Operant conditioning is different to classical conditioning as described by Pavlov in that a desirable behaviour is reinforced and an undesirable behaviour, punished. It is a highly specialised form of learning known as instrumental learning and is used in many contexts including good parenting and even training animals. While the technique of operant conditioning is often attributed to B.F.Skinner, he developed his work from original studies by Jerzy Kornosky and Edward Thorndike.
Thorndike studied many animals including cats which he locked in puzzle boxes. On the first attempt it took them a good while to work out how to escape. As the number of times they were placed in the same box was increased, the time taken to get out shortened. The cat made fewer mistakes and escaped the negative situation of the box quicker. Thorndike suggested that behaviours which resulted in pleasant consequences were repeated and those which did not became extinguished.
B.F.Skinner developed a device which has become known as “The Skinner Box” The box contained clear glass sides for observation; switches to be depressed by the subject animal; a floor which was capable of delivering small electric shocks; a light which flashed and a chute which when the switch was pressed when the light was on would deliver food. Animals from rats to pigeons quickly learned to associate their random pressing of the switch with either pleasant reinforces (food) or painful punishments (shocks) depending whether the light was lit when they pressed. This approach led to the ABC model of behaviour management.
The ABC Model of Behaviour Management
The model is so simple, yet it at the heart of managing challenging behaviour. It involves the application operant conditioning which is there to re-enforce desirable behaviours. The ABC model is used in schools or in institutions caring for people with learning difficulties. Using the model leads to the development of a behaviour plan where desirable and undesirable behaviours are consistently targeted to change behaviour. The ABC stands for:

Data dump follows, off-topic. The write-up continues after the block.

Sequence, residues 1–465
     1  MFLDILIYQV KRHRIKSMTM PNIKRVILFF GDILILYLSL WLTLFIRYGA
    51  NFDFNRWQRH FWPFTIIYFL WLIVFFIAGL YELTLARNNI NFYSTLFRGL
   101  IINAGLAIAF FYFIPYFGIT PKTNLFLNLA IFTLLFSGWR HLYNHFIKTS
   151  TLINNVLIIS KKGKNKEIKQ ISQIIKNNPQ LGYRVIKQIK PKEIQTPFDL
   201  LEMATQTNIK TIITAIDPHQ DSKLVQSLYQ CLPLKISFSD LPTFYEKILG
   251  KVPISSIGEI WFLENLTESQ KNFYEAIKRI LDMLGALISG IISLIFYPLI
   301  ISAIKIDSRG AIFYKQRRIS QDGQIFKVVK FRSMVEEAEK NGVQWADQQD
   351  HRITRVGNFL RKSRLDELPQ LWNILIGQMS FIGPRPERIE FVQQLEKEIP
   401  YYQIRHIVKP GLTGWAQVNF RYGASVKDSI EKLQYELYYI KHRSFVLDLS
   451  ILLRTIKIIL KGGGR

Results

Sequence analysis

Antecedents are what happened before the undesirable behaviour and which may have triggered it. They may include:
- The actions of others : being told off, bullying or even overstimulation in the environment
- The physical state of the person: hungry, tired, medicated (or not)
- The emotional state: anxious, excitable, depressed
- The social context: who else was there
- The environment: hot, noisy, too many people, bright lights etc…
Finding out which factors are significant and reducing them is important.
The behaviours need to be examined. What does it look and sound like? For example a child who believes he can get what he wants by throwing a tantrum in a shop may throw himself to the ground, cream, kick and may even hold his breath until he nearly loses consciousness. In such situations the consequences may have to include ignoring it otherwise attention might re-enforce.